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Article updated: 3/21/2013 7:00 PM

Geneva 1st Ward candidates discuss downtown

Michael Bruno

Michael Bruno

 
Zachary Ploppert

Zachary Ploppert

 
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Zachary Ploppert and Michael Bruno see historic preservation differently.

That might be an obscure issue in any other town but Geneva. Or in any other Geneva ward but the 1st, which contains much of the city's federally recognized Historic District.

Bruno has sat on the city's Historic Preservation Commission for 11 years.

Ploppert sees current regulations and processes as being too burdensome in some cases, costing property owners unnecessary money and time.

Bruno believes people, including Ploppert, don't understand the financial value proper preservation and historic designation lends to properties. And he has disputed that preservation is more costly.

For Bruno, 53, his top issue is economic vitality, which goes hand in hand with his experience on the Historic Preservation Commission, he said.

"We are very lucky to have a vital downtown, and it is important to nurture it," he said.

State Street has had problems, however, he said. Vitality differs between the east and west sides of town.

He is worried about the stretch from First Street to River Lane, as far as drawing pedestrian traffic from west of First.

Another bugaboo to him was the redevelopment of the Pure Oil gas station with a drive-up bank facility.

"I really thought it was a bad municipal planning decision to allow a pedestrian impediment to sit at that intersection," he said. Cars will exit the drive-through lanes on to State, interrupting a sidewalk.

Bruno suggests that the city, if it restricts first-floor businesses to those that produce sales tax, set the boundary at River Lane, as opposed to encompassing the whole B-2 business district.

He did, however, bestow praise on the end result, at a March 4 city council meeting.

Bruno said it would be hard to re-purpose another historic building, the former Mill Race Inn restaurant at State and Bennett Street (Route 25). He envisions it being demolished, and said he thinks any developer will want the whole corner, including a brick building that long held a bicycle shop and now has a consignment store.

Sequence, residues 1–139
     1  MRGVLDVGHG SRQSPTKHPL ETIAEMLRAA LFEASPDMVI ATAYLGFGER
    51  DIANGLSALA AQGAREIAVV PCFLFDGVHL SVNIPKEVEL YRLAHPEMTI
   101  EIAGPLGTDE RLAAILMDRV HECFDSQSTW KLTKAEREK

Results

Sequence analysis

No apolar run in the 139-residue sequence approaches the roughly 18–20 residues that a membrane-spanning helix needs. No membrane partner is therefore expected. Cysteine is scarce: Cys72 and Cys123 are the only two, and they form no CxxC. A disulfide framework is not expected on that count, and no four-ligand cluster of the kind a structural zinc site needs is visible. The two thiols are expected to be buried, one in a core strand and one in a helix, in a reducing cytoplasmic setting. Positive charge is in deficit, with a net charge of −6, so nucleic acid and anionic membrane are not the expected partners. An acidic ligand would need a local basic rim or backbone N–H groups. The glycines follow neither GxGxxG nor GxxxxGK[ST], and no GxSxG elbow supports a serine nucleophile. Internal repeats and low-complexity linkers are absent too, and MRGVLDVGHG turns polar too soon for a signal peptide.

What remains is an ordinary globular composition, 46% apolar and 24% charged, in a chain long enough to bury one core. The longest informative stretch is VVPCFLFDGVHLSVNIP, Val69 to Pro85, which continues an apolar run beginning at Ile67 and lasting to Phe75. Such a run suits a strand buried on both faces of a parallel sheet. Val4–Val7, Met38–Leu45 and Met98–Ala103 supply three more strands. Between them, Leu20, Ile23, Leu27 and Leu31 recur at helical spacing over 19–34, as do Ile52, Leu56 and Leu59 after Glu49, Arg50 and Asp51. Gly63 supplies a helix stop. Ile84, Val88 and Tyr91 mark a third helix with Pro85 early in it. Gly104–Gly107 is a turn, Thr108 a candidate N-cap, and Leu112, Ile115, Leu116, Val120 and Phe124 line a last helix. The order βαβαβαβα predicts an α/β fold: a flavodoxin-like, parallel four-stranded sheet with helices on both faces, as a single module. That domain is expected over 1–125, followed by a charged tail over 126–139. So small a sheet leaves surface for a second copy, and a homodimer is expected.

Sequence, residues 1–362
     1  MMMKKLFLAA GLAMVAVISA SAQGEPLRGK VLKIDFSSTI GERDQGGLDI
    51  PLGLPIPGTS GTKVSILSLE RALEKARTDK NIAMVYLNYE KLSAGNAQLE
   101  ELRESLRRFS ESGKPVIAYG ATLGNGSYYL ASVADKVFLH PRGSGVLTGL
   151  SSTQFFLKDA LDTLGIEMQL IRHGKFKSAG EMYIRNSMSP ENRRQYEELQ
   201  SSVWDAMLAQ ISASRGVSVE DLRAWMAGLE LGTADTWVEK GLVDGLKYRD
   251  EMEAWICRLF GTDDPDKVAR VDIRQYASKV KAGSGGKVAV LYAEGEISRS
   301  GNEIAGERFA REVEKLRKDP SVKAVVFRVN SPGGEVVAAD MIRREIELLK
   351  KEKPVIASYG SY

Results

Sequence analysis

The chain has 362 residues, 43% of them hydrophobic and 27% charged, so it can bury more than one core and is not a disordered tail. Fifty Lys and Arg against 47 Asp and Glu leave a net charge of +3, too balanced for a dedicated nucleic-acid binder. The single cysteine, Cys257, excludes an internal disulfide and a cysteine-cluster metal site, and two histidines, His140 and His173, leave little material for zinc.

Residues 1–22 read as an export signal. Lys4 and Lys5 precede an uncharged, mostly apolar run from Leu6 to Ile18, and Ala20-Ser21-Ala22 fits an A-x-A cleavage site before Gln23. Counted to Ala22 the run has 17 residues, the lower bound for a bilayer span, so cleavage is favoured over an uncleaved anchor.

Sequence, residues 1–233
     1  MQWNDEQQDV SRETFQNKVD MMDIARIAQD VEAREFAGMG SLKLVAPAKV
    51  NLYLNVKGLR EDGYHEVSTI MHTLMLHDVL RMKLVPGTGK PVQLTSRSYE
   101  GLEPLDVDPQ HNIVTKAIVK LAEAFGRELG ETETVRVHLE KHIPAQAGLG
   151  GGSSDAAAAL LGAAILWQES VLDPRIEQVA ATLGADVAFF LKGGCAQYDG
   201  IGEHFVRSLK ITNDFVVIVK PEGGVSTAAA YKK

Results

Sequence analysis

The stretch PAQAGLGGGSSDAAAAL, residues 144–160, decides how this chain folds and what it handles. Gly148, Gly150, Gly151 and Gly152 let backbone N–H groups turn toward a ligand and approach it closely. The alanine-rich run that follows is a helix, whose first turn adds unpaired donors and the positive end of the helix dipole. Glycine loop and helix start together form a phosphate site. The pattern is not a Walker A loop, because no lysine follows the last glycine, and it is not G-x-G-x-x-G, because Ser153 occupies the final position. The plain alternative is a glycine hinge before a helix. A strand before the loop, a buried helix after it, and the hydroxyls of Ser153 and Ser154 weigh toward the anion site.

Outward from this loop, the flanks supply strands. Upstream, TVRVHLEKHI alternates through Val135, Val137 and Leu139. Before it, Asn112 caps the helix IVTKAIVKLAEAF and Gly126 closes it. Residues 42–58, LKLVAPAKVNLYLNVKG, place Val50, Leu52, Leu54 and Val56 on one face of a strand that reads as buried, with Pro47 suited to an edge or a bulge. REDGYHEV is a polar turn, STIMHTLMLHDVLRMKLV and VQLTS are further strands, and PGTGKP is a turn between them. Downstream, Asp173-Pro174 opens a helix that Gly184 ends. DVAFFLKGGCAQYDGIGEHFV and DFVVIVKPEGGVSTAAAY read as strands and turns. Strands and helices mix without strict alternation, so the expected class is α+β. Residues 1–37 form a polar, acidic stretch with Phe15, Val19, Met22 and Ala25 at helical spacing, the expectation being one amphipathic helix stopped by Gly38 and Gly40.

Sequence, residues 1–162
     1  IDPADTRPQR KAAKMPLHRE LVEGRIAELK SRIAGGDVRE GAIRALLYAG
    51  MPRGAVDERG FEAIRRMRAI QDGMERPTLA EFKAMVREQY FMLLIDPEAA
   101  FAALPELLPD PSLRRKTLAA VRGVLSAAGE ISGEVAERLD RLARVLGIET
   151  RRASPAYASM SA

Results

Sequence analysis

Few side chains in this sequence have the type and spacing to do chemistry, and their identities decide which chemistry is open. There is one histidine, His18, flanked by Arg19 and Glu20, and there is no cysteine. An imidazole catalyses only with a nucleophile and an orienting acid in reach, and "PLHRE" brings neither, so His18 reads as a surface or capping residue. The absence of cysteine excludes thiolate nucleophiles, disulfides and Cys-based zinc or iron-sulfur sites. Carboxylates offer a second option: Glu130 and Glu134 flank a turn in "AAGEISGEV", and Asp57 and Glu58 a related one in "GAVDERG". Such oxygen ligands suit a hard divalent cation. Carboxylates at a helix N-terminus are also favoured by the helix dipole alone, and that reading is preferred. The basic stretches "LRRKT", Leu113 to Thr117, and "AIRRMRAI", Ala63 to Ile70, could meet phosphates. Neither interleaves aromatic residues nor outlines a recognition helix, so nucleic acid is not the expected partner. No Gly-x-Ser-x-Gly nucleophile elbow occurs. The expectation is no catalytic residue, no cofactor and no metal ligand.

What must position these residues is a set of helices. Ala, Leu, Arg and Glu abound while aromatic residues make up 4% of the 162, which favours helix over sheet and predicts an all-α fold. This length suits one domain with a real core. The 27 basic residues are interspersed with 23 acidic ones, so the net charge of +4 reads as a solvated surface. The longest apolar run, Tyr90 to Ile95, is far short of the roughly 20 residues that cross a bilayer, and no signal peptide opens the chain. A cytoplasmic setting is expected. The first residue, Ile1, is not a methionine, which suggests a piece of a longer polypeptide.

People have joked with him for at least 15 years, saying, "Mike, when you're mayor ...," he said. But "What really got me thinking about city council was Pure Oil. There were clearly some voices that don't understand what symbiosis, what historic preservation does for our city. We are vital because of that."

Ploppert says the No. 1 issue he has heard while campaigning door-to-door is "taxes, taxes, taxes." But he said city officials have done a good job of holding the city budget down; he would work to "holding the line" on increases in taxes and fees, such as increases in water and sewer rates.

Ploppert, 22, is a Batavia schoolteacher and works for Geneva Ace Hardware as its customer service manager. He cited an example from Ace as to why he thinks some of the regulations may hurt businesses. The store, which reopened last year, was denied approval to add the word "Hardware" to its building sign, as it was deemed as too much signage, he said. But it would have cost $600 in fees to appeal the decision, he said.

"We need to start looking at things like that," especially for small businesses, he said.

A recent proposal to keep service businesses, such as insurance agents and dentists, out of the first floors of buildings on State and on Third "is a complicated, tricky issue," he said. He said he understands the reasoning: The city believes such businesses discourage shoppers from walking farther, believing there are no more stores to see. "In theory it is a great idea," Ploppert said. But he favored tabling the idea until the economy picks up. "Is right now the time to be turning away business because of what they do?" he asked.

And as for historic preservation? He said he supports the regulations for commercial properties in the district. But he wants them loosened for residential properties.

"I don't think we allow homeowners, especially in the historic district, enough of their personal property rights," Ploppert said. He said it can be more expensive to rebuild old windows, for example, than to install new replica windows. The price of keeping up a home in the district may be keeping younger families out, he said.

"We need to open it up and let property rights flourish."

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